Cards are the last holiday items at my house to be packed away. I use portions of them on holiday packages for years to come; frame special ones; and enjoy the family photos.
I like the idea that a couple of friends adopted. If the inside of the cover of the card is plain, they cut the cover from the rest of the card, draw a line down the back to separate address from message, and make a picture post card ready for mailing. Pretty and practical.Whatever the means, it's good to hear from friends. Enclosed in a note from local friends came a greeting former resident Alice Sparrow had asked them to give me. Alice is taking up ranching at California Valley in the north end of the Carrizo Plain, described as an ecological island or landlocked ark for animals and plants vanquished elsewhere. The plain includes California's largest nature preserve.
Much of Alice's holiday greeting was a reprint of an article in Sunset magazine about the Carrizo Plain. In a personal note, Alice added, ``Hope to grow grapes, vegetables, and have olive and fruit trees; rebuild the old farm house and of course have a variety of four-footed friends (domestic and wild).' Folks who know Alice know of her interest in animals and the Humane Society. The Carrizo Plain is 50 miles east of San Luis Obispo; 65 miles west of Bakersfield. Painted Rock and Soda Lake are two outstanding landmarks.
They probably don't make snowmen there, but I love the one from Ruth and Carol Martin. Ruth is an artist with paint and canvas, and Carol's art is the camera - the result is greetings via Carol's photograph of his wife's painting. Chick Bolton hand-painted the very card itself from her and her husband, Ron - a snowy barnyard scene that includes a couple of cardinals. ``Winter Rhododendron and You' is title of the drawing by Helen Lineberry that incorporated the seasons wishes from Helen and her husband, Al.
Family photos also delighted me. Typical is that of the Rapps. It's through their cards that I've watched Jean and Bob's children, Katherine, 15, and Robert, 17, grow from toddler to teen. And from the Soles family came my first peek at the 1989 family addition, Majelle and Roger's grandson, William Roger Soles III.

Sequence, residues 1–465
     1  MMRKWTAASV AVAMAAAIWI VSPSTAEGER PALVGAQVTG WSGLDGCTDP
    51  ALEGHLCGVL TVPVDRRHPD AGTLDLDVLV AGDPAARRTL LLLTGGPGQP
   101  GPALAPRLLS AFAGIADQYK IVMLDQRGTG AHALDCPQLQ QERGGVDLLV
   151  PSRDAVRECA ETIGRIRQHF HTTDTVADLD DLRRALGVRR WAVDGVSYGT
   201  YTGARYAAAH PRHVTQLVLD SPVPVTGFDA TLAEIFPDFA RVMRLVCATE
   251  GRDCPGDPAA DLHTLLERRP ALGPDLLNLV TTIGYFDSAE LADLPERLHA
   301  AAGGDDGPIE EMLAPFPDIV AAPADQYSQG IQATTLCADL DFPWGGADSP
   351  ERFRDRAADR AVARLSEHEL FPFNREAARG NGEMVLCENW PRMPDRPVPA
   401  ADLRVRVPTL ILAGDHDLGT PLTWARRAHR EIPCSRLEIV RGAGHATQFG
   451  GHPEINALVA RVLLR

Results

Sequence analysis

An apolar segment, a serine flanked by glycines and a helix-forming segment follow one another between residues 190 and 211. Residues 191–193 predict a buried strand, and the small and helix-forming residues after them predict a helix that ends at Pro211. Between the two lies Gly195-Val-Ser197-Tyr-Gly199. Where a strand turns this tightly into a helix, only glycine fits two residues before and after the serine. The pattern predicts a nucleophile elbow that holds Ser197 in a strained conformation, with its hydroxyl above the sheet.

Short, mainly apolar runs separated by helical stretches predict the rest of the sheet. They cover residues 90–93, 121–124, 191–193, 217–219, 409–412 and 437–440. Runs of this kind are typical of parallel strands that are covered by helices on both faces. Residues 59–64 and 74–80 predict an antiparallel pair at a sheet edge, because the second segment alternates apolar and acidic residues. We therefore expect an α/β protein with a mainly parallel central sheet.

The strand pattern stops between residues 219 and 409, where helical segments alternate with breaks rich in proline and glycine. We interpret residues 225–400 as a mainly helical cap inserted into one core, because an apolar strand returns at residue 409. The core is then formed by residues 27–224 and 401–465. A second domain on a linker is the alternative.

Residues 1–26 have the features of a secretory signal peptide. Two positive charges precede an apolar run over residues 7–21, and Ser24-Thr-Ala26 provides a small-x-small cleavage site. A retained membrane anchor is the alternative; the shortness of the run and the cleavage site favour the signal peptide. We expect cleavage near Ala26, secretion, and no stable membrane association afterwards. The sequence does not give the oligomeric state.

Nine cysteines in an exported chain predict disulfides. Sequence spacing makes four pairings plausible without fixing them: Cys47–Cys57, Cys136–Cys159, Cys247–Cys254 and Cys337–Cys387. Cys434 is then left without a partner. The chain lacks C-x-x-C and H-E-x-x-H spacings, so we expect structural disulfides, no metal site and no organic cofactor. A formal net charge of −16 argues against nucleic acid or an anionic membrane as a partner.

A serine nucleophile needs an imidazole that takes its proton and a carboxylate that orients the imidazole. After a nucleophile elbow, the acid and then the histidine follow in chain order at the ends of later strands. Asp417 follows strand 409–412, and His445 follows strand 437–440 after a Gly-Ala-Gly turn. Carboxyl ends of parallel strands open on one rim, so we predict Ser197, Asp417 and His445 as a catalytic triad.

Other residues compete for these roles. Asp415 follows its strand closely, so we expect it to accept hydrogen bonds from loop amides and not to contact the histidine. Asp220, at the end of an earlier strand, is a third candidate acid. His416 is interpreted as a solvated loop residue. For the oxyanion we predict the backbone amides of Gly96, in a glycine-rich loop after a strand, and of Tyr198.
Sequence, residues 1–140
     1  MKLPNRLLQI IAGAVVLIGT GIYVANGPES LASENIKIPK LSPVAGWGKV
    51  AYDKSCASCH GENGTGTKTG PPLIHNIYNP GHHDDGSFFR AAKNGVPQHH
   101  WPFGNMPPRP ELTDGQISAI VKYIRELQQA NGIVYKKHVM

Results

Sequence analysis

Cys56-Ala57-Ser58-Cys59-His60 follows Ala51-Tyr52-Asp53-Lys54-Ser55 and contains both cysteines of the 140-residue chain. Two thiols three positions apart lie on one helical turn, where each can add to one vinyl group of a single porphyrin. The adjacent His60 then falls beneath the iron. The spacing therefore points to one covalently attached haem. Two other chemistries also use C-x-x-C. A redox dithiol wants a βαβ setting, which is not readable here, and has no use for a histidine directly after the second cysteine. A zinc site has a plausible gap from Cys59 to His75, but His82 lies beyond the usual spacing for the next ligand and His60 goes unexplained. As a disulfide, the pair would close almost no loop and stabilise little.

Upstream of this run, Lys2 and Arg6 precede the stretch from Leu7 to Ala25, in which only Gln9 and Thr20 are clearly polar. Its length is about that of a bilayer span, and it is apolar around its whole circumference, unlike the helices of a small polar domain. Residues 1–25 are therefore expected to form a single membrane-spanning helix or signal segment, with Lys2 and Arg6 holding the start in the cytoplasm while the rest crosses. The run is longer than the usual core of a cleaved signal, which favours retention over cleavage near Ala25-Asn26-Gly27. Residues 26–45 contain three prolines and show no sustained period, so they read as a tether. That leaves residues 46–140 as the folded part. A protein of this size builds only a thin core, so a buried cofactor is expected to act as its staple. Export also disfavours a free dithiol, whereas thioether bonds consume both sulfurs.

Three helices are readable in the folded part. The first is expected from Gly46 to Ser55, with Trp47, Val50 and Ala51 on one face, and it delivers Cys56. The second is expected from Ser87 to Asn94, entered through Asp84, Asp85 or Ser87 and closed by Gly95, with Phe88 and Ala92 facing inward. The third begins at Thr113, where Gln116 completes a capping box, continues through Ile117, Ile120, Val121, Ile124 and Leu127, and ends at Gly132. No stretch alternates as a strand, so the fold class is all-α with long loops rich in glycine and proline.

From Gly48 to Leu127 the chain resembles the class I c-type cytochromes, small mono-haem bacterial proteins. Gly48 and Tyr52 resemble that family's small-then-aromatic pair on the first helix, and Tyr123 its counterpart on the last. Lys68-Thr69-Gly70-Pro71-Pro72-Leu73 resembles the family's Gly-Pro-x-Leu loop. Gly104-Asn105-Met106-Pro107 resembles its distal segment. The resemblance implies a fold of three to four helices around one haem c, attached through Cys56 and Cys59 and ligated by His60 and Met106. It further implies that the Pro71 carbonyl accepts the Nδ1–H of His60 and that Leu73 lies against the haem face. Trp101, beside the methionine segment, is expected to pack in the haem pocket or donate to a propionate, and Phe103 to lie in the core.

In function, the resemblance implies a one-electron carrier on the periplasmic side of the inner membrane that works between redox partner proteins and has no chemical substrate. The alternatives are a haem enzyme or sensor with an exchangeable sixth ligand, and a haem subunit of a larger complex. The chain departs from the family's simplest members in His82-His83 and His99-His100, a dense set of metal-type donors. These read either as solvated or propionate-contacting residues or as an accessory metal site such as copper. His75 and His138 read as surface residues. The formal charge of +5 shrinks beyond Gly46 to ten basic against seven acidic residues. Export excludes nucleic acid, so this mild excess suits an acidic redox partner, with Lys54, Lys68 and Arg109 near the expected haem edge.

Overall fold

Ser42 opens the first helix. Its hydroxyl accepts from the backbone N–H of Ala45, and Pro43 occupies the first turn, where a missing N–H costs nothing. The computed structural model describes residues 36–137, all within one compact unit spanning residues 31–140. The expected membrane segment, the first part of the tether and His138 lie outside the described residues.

``We're not in London for this picture,' noted Linda Jennings on the card with a warm-weather Greensboro pose of herself and her husband, Maurice; daughter, Sinclair; and son, Cooper. The year found them celebrating Cooper's graduation and building a new house. As for building houses, so are Julia Brent and Woody Teague of Burlington - and other places such as Elk River. Elk River is site of the new house to be ready in May or June.
Some cards are very personal. Like the one from Marie and Dick Gilbert, the cover of which carries Marie's poem ``Christmas Symbol on the Beach.' And like the card from Agnes and Don Hughes. Daughter Elizabeth wrote the verse; daughter Suzanne Hughes Sullivan of New York did the pen-and-ink drawing of a Madonna and child. The subject for the child is the Hugheses' grandson.
From the Dixons - Sewell, Bettie and their daughters Woods and Kilby - came a pictorial year in review. Seven photos make up the cover; the center one of Seawell and Bettie in safari dress and each holding a tiny silver goblet. One look at the background and you know its Africa.
Margaret Earle's annual ``Earle-E Edition' is clever as always. The circles in the numbers in this new year and the one past become the faces of very modern timepieces to illustrate ``Going Around in Circles ... to get to the 1990s.' Inside, brightly colored circles of time mark a paragraph about the year for Margaret and each member of her family. In addition to a significant birthday and a trip to Ireland, Margaret also enjoyed Equador and the Galapagos Islands.
Readers with items of interest to Martha Long may call her at 373-7097.